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Alcohol and mortality in Russia: prospective observational study of 151,000 adults.

Zaridze D, Lewington S, Boroda A, Scélo G, Karpov R, Lazarev A, Konobeevskaya I, Igitov V, Terechova T, Boffetta P, Sherliker P, Kong X, Whitlock G, Boreham J, Brennan P, Peto R - Lancet (2014)

Bottom Line: In both age ranges most of the excess mortality in heavier drinkers was from external causes or the eight disease groupings strongly associated with alcohol in the retrospective enquiries.Among male non-smokers and among females, self-reported heavy drinking was uncommon, but seemed to involve similar absolute excess risks.UK Medical Research Council, British Heart Foundation, Cancer Research UK, European Union, WHO International Agency for Research on Cancer.

View Article: PubMed Central - PubMed

Affiliation: Russian Cancer Research Centre, Moscow, Russia. Electronic address: dgzaridze@crc.umos.ru.

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Related in: MedlinePlus

All-cause mortality, males aged 15–54 years, in Russia from 1980–2012 and in the UK from 1980–2010*Mean of male age-specific death rates in the eight component 5-year age groups (15–19 to 50–54 years). †Probability that a 15-year-old male individual would die before age 55 years, if exposed over next 40 years to male age-specific death rates of one particular calendar year.
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fig3: All-cause mortality, males aged 15–54 years, in Russia from 1980–2012 and in the UK from 1980–2010*Mean of male age-specific death rates in the eight component 5-year age groups (15–19 to 50–54 years). †Probability that a 15-year-old male individual would die before age 55 years, if exposed over next 40 years to male age-specific death rates of one particular calendar year.

Mentions: A retrospective study of 50 000 deaths in the same cities10 had found a marked excess of heavy vodka use in those whose death was attributed to external causes (accident, suicide, violence, and alcohol poisoning) or eight particular disease groupings (cancer of the upper aerodigestive tract, tuberculosis, pneumonia, liver cancer, other liver disease, pancreatic disease, acute ischaemic heart disease that is not myocardial infarction (I24), and ill-specified disease). Sharp fluctuations in Russian mortality rates from these causes during the 1990s were the main reason for the sudden large fluctuations in premature mortality in women and, particularly, men (figure 3; appendix pp 3–5).9,10


Alcohol and mortality in Russia: prospective observational study of 151,000 adults.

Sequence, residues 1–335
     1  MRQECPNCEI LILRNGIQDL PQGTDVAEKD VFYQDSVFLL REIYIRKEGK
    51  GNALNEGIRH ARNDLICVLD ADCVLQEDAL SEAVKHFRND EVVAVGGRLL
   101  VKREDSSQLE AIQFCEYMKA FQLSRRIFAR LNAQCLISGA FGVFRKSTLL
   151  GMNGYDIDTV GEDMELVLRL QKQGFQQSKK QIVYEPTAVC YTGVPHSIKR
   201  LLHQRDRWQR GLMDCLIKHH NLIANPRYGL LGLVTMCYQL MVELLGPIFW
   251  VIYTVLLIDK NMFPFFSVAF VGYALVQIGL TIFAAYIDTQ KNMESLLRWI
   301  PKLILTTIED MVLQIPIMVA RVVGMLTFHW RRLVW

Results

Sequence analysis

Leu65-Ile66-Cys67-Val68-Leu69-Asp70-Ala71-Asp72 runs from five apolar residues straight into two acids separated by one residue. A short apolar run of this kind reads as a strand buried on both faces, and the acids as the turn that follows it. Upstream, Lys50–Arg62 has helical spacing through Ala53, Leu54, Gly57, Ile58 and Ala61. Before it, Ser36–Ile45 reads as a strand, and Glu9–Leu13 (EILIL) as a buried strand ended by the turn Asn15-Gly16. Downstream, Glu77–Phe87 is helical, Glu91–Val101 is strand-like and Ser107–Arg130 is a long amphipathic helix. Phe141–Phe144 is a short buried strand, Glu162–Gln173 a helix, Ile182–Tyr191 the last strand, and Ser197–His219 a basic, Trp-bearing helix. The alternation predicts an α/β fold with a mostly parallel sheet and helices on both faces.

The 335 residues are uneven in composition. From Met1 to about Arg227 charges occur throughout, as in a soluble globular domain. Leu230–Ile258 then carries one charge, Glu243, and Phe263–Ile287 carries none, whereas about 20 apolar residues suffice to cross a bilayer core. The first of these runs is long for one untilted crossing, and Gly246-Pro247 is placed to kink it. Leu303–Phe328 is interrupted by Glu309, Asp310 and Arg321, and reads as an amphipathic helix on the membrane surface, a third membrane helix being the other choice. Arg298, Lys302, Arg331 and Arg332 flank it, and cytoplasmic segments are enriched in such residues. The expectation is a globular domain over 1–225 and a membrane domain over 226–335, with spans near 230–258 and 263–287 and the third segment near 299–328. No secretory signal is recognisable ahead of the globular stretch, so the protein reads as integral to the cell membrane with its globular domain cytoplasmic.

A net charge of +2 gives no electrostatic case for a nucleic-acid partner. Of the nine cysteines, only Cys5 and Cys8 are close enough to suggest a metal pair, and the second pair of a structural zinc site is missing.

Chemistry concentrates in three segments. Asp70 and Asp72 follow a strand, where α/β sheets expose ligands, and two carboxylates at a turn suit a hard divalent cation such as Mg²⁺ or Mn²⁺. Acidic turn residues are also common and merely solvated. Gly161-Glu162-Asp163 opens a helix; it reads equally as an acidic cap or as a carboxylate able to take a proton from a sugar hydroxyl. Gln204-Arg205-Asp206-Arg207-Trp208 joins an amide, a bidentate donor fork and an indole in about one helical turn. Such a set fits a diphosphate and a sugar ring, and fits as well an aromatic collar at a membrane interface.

Zaridze D, Lewington S, Boroda A, Scélo G, Karpov R, Lazarev A, Konobeevskaya I, Igitov V, Terechova T, Boffetta P, Sherliker P, Kong X, Whitlock G, Boreham J, Brennan P, Peto R - Lancet (2014)

All-cause mortality, males aged 15–54 years, in Russia from 1980–2012 and in the UK from 1980–2010*Mean of male age-specific death rates in the eight component 5-year age groups (15–19 to 50–54 years). †Probability that a 15-year-old male individual would die before age 55 years, if exposed over next 40 years to male age-specific death rates of one particular calendar year.
© Copyright Policy
Related In: Results  -  Collection

License
Show All Figures
getmorefigures.php?uid=PMC4007591&req=5

fig3: All-cause mortality, males aged 15–54 years, in Russia from 1980–2012 and in the UK from 1980–2010*Mean of male age-specific death rates in the eight component 5-year age groups (15–19 to 50–54 years). †Probability that a 15-year-old male individual would die before age 55 years, if exposed over next 40 years to male age-specific death rates of one particular calendar year.
Mentions: A retrospective study of 50 000 deaths in the same cities10 had found a marked excess of heavy vodka use in those whose death was attributed to external causes (accident, suicide, violence, and alcohol poisoning) or eight particular disease groupings (cancer of the upper aerodigestive tract, tuberculosis, pneumonia, liver cancer, other liver disease, pancreatic disease, acute ischaemic heart disease that is not myocardial infarction (I24), and ill-specified disease). Sharp fluctuations in Russian mortality rates from these causes during the 1990s were the main reason for the sudden large fluctuations in premature mortality in women and, particularly, men (figure 3; appendix pp 3–5).9,10

Bottom Line: In both age ranges most of the excess mortality in heavier drinkers was from external causes or the eight disease groupings strongly associated with alcohol in the retrospective enquiries.Among male non-smokers and among females, self-reported heavy drinking was uncommon, but seemed to involve similar absolute excess risks.UK Medical Research Council, British Heart Foundation, Cancer Research UK, European Union, WHO International Agency for Research on Cancer.

View Article: PubMed Central - PubMed

Affiliation: Russian Cancer Research Centre, Moscow, Russia. Electronic address: dgzaridze@crc.umos.ru.

Show MeSH
Related in: MedlinePlus